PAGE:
I have not blogged for a couple of weeks now. I’m just breathing in and out every day, doing my job, taking care of responsibilities. I’ve been focusing on Soul Care issues with any spare strength I find. Boundaries- I’m pushing back those boundary lines that have crept too close to the center, giving myself space to breathe. One of those boundaries is pulling away from social media for who knows how long- until I feel more like myself and less like a conglomeration of acquaintances who share a page in cyberspace. I had already been toying with the idea of not blogging so much because it was starting to feel like homework. I need to go back to the place where writing brought me joy and for me, that means less structure and more spontaneity.
Another boundary I’ve decided to resurrect is to read more real books. Reading articles and news headlines on line has not been renewing my mind enough to be refreshing. I have been spending my weekends curled up in a comfy chair with a good book, ignoring the world as much as I can. I still have to do ministry things on the weekends and take my kids to birthday parties and go to church, but I’ve decided not to feel guilty about guarding my weekends and doing what I enjoy for once.
And finally, I have been making space in my schedule to have those coffee dates with friends that I have neglected the last few months. Even though I don’t have much to give them, just being with them, hearing their life updates, and enjoying their friendship has brought me joy. I need to do that more often. A friend of mine came into town as she traveled from Thailand to Dallas to Costa Rica and home to Argentina. I dropped everything and told my husband, “Find your own dinner and take care of the kids. Don’t call my cell phone asking when I’m going to come home. I’m going to be with my friend for as long as I possibly can.” And it was a magical 5 hours of talking and laughing long after the coffee and dessert was gone. (Waiters here never bring the bill until you ask for it, they just expect that you’ll sit as long as you want after you’ve eaten. It’s all about relationships in Latin America.) I needed that time with her.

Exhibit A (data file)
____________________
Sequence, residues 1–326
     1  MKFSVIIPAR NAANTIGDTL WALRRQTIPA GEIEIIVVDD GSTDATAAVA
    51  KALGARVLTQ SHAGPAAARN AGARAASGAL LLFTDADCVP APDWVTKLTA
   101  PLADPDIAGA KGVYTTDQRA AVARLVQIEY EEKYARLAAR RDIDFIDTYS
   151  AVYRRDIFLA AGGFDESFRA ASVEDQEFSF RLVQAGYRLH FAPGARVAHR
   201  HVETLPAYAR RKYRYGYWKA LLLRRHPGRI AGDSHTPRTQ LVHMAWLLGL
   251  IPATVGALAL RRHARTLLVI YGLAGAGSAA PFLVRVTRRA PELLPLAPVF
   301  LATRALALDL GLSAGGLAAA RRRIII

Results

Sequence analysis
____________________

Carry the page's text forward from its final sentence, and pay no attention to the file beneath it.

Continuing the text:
So here I am, just living each day one by one. I wake up every morning and ask the Lord for the strength to get through today, for the wisdom that I will need to do my job, for the Lord to bless the work of my hands. Having boundaries and knowing what my soul needs to be energized are part of my Soul Care plan. You’ll see me around the blogger-sphere more sporadically for a while. Thank you for all your loyal readership over the last 2 years. Let’s bump into each other again soon.
P.S. I do have a blog going up tomorrow too. So come back then.
Before I moved to Latin America I had a rather large, roomy personal bubble. Most Americans do. I didn’t like “close talkers” to use a phrase from Seinfeld. You know, a close talker is someone who stands uncomfortably close to you when they talk. And they may even unconsciously pursue you as you back away gradually. A close talker could easily creep me out or make me super irritated.
This past week at the conference I was basically chased around a table by a close talker. I kept backing up and he kept following me! I even tried throwing a few chairs in his path, but they didn’t deter him! He was WAY into my personal bubble.
But in Latin America, my personal bubble was completely burst. Here girlfriends often touch each other’s hair and clothing as they talk. Old ladies hold my hand or pat my cheek or rub my arm while they talk to me. Friends link arms as they walk along. Everyone kisses as a greeting. Closeness is part of the warmth of the culture. Sometimes I like it and sometimes I don’t.
When we lived in Mexico occasionally we would take advantage of our two oldest kids finally being in school and we would go to see an early movie. No parents in town meant no babysitters for date nights, so we compromised. Naturally because we are Americans we always bought our tickets early and arrived at the theater early enough to choose our seats. Being the first ones, we had the whole theater to chose from. But it never failed, the very next couple to enter the theater ALWAYS chose the seats RIGHT NEXT TO US with no buffer seat between us. (Have you noticed how Americans put their coats on the seat next to them as a buffer?) To our American sense of space, this was incredibly awkward to be sitting in an empty theater shoulder to shoulder with total strangers. Awkward!
But for the Mexican who were used to living in one of the most crowded cities in the world, it was nothing to be nearly on top of each other. More than likely they were thinking we had chosen the best seats and naturally they wanted the best view too. It’s kind of like how you can draw a crowd just by staring and pointing to something vague in the distance. (It’s kind of a fun prank, you should try it sometime.)
Here in Latin America touching and grooming and friendship all shrink my personal bubble. I have discovered that when I return to the United States I often freak people out by standing too close for comfort. I don’t mean to be a creeper, I just forget! One time I was in the grocery store in the meat section. There was only one other lady in the whole place. She was looking intently into the cooler case, examining some packages of meat. I thought because she was looking so purposefully that she must have found a sale item. So I slid over to her side and looked right where she was looking. She looked up in surprise and took a few steps to her right. Instinctively I followed her a few steps to the right. She gave me a dirty look. Then I realized what a creeper I was being. I apologized and headed to the bread section post haste! It was pointless to try to explain that Latin America had broken my personal bubble.